John Terry would be ready to answer an emergency call-up for England but the Chelsea captain will play no part in the forthcoming friendlies against the Republic of Ireland and Brazil, and questions remain about whether Roy Hodgson or the Football Association would countenance a return.
David Bernstein, the FA chairman who stripped Terry of the England captaincy last year, does not depart his post until July. England host the Irish at Wembley on 29 May and play Brazil in Rio four days later. Whether Hodgson would consider recalling Terry is unclear and, with the manager perhaps wanting to field an experimental squad for the August friendly against Scotland, any potential Terry return may not be on the cards until England's crucial World Cup qualifiers in September against Moldova and Ukraine. Hodgson's side are two points behind Montenegro in their group, with only the top side guaranteed a place at the finals.
Terry's self-imposed international exile came after the FA pursued its own disciplinary case against him for racially abusing Queens Park Rangers Anton Ferdinand during Chelsea's defeat at Loftus Road in October 2011. After being cleared of a similar charge at Westminster magistrates court following Euro 2012 Terry was dismayed that the FA pressed on with its own procedures as he had understood this would not occur.
He was subsequently found guilty, and given a four-match domestic ban, but retired from international football before the penalty was imposed. Terry believes that Bernstein, as head of the FA, drove the process and his displeasure was illustrated publicly for the first time when the Chelsea captain refused to shake his hand at the handover of the Champions League trophy in London this month.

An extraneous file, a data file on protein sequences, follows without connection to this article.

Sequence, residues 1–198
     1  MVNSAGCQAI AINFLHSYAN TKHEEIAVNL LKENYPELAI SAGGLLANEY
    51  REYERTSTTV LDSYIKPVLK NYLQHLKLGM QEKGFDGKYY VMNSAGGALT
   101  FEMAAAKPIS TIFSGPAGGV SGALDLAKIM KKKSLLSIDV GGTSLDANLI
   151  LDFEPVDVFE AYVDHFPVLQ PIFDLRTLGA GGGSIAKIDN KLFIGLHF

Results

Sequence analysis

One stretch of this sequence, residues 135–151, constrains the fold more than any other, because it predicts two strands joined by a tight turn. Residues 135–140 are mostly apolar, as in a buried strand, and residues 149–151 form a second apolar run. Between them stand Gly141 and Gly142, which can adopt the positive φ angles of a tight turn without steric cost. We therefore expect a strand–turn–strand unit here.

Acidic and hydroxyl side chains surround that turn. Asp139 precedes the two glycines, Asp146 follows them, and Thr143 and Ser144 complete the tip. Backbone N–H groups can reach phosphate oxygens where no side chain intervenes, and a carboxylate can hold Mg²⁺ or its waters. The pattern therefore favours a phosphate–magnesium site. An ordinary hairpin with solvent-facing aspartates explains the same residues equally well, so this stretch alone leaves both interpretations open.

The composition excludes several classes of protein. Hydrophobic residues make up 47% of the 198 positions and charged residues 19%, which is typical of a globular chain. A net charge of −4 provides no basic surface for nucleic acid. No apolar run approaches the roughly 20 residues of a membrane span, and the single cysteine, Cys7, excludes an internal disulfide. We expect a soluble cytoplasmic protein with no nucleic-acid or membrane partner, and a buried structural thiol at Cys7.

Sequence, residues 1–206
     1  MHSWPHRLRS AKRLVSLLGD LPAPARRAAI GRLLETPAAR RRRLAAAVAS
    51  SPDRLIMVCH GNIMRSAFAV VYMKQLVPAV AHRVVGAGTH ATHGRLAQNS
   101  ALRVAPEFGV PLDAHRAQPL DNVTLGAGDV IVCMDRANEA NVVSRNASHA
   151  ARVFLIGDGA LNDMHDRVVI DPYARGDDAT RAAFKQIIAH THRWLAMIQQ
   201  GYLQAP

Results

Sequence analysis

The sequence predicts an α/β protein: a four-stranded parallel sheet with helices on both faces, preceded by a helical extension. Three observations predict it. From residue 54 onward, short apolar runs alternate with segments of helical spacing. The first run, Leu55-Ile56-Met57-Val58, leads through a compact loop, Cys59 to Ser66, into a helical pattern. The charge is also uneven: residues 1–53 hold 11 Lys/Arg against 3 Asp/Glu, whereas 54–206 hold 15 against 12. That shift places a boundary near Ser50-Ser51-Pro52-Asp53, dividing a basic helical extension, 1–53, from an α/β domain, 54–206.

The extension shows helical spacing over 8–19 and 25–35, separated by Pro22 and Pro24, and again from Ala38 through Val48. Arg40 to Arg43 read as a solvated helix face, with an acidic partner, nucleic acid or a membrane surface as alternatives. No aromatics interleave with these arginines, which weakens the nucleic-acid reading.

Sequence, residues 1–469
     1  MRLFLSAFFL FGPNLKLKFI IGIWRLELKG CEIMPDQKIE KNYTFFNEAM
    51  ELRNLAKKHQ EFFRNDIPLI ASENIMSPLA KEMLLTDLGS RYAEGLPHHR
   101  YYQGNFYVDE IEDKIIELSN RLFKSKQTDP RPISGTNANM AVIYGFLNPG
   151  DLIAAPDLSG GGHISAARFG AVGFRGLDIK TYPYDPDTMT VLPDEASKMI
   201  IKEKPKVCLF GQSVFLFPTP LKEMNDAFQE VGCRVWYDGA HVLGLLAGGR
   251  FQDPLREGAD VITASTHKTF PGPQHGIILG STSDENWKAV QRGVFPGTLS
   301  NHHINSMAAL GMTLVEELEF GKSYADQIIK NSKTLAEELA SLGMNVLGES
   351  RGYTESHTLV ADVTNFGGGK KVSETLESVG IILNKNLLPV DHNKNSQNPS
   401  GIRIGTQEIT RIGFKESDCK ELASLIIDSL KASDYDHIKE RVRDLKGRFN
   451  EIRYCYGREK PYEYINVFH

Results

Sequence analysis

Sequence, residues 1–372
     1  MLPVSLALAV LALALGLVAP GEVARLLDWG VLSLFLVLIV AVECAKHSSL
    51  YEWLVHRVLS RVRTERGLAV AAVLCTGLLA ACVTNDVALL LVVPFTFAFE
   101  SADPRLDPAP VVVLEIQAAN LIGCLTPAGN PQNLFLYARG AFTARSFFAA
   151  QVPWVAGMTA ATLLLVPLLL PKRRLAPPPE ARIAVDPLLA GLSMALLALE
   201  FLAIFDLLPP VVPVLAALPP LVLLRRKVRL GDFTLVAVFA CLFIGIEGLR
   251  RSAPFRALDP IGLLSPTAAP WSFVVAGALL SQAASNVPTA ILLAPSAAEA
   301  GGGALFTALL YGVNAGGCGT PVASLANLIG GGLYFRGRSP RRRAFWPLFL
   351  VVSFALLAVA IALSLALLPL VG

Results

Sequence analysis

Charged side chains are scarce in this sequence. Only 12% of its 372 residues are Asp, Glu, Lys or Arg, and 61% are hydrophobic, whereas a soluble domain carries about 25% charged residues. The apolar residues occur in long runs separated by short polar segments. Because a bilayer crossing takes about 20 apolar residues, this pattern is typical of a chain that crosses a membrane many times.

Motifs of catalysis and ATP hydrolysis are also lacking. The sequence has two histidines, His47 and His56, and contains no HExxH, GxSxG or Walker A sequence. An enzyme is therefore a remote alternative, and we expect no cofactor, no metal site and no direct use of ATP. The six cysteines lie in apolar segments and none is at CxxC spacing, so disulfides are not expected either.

The 32-year-old's failure to secure a regular starting position at Chelsea this season may weigh with Hodgson, along with the effect on the dressing room if Rio Ferdinand, Anton's brother, was in the same squad. Hodgson selected Terry for Euro 2012, declining to choose Ferdinand, and it is understood that the Chelsea defender is still in contact with the manager.
Following the win over San Marino in last month's World Cup qualifier Hodgson chose his words carefully when asked if he might try and persuade Terry to return to the international reckoning. "I think it's wrong for people to ask for people to consistently come back," he said.
There were suggestions last night that the FA's new players' code of conduct could prevent a return by the former captain, regardless of the wishes of player or manager.
Terry's decision to retire obviated any requirement for the governing body to take action at international level, but that is understood to remain an option were he to attempt a comeback.
Neither the FA, Terry or Ferdinand camps offered a comment last night.
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